Obama and Brzezinski—Ill-Suited and Sending a Mixed Message to Jews

Brzezinski's remarks about U.S. supporters of Israel don't help Obama.

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If Sen. Barack Obama wants to make nice-nice with the Jewish community, the last person he should be allowing to make public proclamations about Jews, no matter how tenuous that person's connection to the Obama presidential campaign, is Zbigniew Brzezinski. Brzezinski, who was President Jimmy Carter's national security adviser, has long been viewed suspiciously by American Jews.

And yet the week after Obama flew to Florida to woo a Jewish audience by extolling Israel's 60th anniversary, Zbigniew Brzezinski, who has endorsed Obama and advised him on foreign policy, accused members of the American Jewish establishment of "McCarthyism" in their attitude toward critics of Israel. Why go nuclear when Brzezinski could have blazed with less destructive weapons?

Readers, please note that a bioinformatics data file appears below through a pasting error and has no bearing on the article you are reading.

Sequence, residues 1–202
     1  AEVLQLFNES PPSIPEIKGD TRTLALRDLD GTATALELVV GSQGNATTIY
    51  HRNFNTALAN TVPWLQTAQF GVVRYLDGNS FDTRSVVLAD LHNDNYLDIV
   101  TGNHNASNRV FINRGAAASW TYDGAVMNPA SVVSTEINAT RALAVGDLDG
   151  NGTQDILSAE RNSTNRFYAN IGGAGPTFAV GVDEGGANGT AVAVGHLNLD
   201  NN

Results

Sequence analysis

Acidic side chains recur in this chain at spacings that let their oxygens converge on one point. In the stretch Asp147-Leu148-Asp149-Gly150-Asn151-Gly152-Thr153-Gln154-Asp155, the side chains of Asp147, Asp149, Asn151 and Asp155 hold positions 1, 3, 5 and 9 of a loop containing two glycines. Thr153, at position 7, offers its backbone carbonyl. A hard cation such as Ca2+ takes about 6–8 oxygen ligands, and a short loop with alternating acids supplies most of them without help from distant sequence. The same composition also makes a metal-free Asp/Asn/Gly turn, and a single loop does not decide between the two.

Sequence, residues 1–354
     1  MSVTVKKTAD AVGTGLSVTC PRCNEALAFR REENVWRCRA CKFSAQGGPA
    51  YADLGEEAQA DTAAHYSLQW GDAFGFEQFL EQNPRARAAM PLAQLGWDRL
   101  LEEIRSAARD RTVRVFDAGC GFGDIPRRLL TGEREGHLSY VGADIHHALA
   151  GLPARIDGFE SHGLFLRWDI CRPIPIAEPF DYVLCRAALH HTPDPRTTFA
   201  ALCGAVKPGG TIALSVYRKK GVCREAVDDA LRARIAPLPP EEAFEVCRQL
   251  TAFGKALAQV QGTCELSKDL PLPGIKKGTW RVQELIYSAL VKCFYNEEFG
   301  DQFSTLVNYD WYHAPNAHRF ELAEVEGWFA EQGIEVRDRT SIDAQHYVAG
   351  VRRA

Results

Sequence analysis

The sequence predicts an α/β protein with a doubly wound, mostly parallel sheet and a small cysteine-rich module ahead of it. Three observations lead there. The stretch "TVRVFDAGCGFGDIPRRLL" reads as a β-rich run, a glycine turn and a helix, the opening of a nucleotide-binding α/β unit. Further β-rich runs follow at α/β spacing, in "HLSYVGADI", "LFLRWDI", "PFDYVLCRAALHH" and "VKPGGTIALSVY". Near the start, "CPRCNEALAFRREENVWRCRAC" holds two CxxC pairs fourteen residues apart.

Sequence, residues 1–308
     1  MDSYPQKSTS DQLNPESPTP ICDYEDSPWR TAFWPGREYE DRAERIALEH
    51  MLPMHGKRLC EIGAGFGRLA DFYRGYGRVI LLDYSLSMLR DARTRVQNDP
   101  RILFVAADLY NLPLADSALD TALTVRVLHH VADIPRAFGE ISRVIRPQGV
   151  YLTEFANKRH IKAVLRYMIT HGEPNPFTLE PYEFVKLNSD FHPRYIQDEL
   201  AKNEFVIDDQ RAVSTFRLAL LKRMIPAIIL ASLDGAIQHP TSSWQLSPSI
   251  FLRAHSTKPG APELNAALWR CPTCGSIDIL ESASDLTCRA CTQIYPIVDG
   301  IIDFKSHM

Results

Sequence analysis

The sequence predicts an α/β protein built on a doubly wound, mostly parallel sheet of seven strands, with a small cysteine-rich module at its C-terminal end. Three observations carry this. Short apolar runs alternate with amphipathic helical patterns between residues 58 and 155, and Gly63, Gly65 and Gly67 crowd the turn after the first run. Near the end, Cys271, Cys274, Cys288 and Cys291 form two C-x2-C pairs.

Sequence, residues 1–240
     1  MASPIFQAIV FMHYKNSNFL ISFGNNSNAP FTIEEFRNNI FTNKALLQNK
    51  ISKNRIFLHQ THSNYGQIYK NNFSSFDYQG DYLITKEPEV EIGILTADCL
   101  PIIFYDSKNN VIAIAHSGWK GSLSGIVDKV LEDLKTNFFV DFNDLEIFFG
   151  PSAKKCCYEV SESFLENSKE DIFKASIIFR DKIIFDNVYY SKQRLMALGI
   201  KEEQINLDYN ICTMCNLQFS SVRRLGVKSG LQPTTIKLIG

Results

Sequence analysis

Does the Obama campaign control every word that comes out of Brzezinski's mouth? Of course not. But as long as he's a prominent foreign policy consultant to the campaign, Obama's staff does at the very least wield the power to apply the occasional duct tape where necessary concerning issues of great importance to the Jewish community.

"Zbig" might as well have warned Obama not to make any appeal to Jews at all last week, as the damage caused by Brzezinski's comments was greater than the good achieved by Obama's. Brzezinski went on to say, instead, that the pro-Israel lobby in the United States is too powerful, while the slur of anti-Semitism is too readily used whenever its power is called into question.

Is Brzezinski working for Sen. Hillary Clinton on the sly?